Please note: The Week in Review is written by a staff member of the Illinois Senate Republican Caucus and approved by legislators. It is meant to provide constituents with information about legislative action and activities during the week.
Springfield, IL – It was a busy week in Springfield, as lawmakers entered the final push toward the scheduled May 31 legislative adjournment, Sen. Ron Sandack (R-Downers Grove) said.
Though much of the senators’ time was spent in committees considering legislation that has been approved by House legislators, the Senate did approve a long-sought measure to eliminate the beleaguered General Assembly scholarship program, as well as a Constitutional amendment that would make it more difficult for lawmakers to increase employee pension benefits in the future.
The Commission on Government Forecasting and Accountability also issued its opinion on Gov. Pat Quinn’s proposed closure of several state facilities, and Senate Republican lawmakers and the Illinois Policy Institute highlighted the need for greater fiscal transparency at the local level.
General Assembly Scholarship Program
Lawmakers are one step closer to eliminating the scandal-plagued General Assembly tuition waiver program. On May 3, the Senate voted to advance House Bill 3810, which would end the controversial program. The measure now moves to the House, which must approve an amendment to House Bill 3810 that creates a Tuition and Fee Waiver Task Force charged with reviewing the use of tuition and fee waivers at Illinois’ public universities.
Sen. Sandack has long advocated abolishing this program and said he was pleased the legislature took what he considered to be an easy vote.
“I’m not sure why this bill was caught up in so many parliamentary procedures,” he said. “The delay in voting to eliminate this program was unnecessary considering it was a tired and grossly abused program whose usefulness had long passed.”
Senate Republican lawmakers, led by Republican Leader Christine Radogno (R-Lemont), voluntarily walked away from the controversial program in early 2012. Radogno has been a vocal opponent of the waivers and her leadership, in conjunction with the Senate GOP's unified position against the program, was a driving force in the effort to end the program.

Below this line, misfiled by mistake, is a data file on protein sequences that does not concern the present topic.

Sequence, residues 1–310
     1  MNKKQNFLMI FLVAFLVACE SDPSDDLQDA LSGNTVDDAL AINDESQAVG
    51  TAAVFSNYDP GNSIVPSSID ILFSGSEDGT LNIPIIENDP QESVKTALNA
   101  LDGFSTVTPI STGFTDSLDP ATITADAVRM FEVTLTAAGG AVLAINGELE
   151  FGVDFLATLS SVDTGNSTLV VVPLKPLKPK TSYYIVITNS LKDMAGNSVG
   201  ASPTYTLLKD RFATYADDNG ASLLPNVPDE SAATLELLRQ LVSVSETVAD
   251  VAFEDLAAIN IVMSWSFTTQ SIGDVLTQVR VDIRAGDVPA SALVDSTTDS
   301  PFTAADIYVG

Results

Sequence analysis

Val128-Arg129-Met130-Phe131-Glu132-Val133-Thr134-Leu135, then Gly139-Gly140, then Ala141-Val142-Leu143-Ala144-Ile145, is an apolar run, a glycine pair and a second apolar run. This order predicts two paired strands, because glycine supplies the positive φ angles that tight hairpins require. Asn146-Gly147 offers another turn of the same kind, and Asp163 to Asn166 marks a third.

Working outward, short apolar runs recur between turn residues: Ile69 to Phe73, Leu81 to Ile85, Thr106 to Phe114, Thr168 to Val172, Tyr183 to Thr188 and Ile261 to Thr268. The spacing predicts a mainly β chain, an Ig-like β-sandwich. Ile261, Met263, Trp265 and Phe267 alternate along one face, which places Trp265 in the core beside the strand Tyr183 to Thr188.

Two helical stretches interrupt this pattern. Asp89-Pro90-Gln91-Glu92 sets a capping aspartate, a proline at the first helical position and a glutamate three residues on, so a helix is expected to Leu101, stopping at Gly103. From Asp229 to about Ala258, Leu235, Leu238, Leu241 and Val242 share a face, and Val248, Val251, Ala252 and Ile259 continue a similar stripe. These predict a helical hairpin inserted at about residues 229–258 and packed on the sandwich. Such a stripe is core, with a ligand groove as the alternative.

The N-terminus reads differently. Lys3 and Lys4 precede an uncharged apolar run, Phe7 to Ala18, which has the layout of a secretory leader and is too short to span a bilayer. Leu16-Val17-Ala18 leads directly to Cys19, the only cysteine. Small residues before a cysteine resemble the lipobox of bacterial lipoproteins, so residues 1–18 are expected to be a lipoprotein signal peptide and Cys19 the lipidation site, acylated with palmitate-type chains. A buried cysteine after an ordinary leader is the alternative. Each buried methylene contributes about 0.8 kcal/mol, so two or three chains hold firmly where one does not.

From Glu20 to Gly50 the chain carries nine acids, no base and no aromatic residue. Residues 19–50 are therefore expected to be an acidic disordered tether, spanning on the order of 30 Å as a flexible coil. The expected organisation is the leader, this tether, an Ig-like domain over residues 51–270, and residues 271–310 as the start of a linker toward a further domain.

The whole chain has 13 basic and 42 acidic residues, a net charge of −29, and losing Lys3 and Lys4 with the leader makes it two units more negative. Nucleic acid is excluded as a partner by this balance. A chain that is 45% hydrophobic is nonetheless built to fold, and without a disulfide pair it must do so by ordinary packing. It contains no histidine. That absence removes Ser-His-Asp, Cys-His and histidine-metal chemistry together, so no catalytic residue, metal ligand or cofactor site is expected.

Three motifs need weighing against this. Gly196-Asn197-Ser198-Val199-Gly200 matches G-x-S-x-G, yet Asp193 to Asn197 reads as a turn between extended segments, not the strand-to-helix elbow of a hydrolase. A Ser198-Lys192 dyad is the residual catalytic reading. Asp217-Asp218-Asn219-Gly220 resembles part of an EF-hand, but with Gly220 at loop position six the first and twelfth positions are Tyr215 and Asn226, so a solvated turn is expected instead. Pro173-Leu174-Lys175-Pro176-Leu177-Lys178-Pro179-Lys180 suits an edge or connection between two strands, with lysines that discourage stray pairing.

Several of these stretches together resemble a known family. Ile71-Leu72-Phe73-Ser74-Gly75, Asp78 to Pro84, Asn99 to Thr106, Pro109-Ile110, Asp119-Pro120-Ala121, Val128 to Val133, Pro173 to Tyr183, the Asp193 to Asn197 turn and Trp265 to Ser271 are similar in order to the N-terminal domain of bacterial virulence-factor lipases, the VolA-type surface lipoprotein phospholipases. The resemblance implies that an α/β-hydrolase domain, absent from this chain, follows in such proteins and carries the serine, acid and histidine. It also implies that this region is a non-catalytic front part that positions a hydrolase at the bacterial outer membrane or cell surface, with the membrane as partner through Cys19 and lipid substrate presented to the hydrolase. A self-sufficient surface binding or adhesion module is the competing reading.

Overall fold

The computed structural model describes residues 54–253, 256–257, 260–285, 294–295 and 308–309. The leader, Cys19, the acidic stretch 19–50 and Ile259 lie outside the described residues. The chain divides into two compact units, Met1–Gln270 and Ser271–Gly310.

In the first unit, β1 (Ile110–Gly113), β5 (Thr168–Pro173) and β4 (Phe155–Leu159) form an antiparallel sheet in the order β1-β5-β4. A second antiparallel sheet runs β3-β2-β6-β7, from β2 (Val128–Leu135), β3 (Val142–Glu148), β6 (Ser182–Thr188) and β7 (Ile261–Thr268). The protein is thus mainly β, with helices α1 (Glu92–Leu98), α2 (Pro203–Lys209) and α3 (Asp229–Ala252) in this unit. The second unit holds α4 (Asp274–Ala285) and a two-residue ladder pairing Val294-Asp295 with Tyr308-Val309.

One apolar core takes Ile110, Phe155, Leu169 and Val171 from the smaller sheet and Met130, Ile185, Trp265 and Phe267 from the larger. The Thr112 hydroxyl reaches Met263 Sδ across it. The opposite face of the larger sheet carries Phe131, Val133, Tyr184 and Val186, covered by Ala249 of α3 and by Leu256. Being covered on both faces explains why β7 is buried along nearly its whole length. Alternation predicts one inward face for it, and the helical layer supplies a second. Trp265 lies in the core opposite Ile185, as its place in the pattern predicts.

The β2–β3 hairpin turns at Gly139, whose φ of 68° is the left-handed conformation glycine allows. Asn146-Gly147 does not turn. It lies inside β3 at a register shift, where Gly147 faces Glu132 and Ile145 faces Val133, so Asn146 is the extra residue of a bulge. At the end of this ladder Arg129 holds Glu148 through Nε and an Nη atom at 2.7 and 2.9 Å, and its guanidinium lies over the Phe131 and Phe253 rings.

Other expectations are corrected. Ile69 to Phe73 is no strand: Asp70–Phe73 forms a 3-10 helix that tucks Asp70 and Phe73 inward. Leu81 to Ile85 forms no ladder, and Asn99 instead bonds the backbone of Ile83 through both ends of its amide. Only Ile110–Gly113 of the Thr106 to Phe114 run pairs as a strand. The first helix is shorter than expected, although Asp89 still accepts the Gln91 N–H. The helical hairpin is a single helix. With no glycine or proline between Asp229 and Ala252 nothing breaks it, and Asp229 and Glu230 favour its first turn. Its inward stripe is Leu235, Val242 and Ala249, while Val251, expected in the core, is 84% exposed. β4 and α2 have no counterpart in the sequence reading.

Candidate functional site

The Illinois media has uncovered a slew of abuses relating to the program that stretches back to the 1980s. Allegations of impropriety continue to surface, which in some instances have led to federal investigations into evidence that lawmakers awarded the scholarships to benefit friends, lobbyists and campaign donors. Additional studies reveal that over the last six years a significant number of lawmakers illegally awarded the waivers to students outside their district.
However, while the focus often centers on abuse of the program, Sandack pointed out that the legislative scholarships are also a financial drain on Illinois’ higher education system. The state does not reimburse colleges for the cost of the program, which totals more than $13 million a year. Instead, those costs are passed on to other students in the form of increased tuition and fees.
“This program was an unfunded mandate on colleges and universities when the state doesn’t properly fund them to begin with,” Sandack said. “On top of that, the program was rife with corruption. I’m extremely pleased that we’re finally getting closer to eliminating this scandal-ridden program. It is my hope that the House quickly concurs with the Senate amendment and Governor Quinn signs this legislation shortly after to eliminate these scholarships for good.”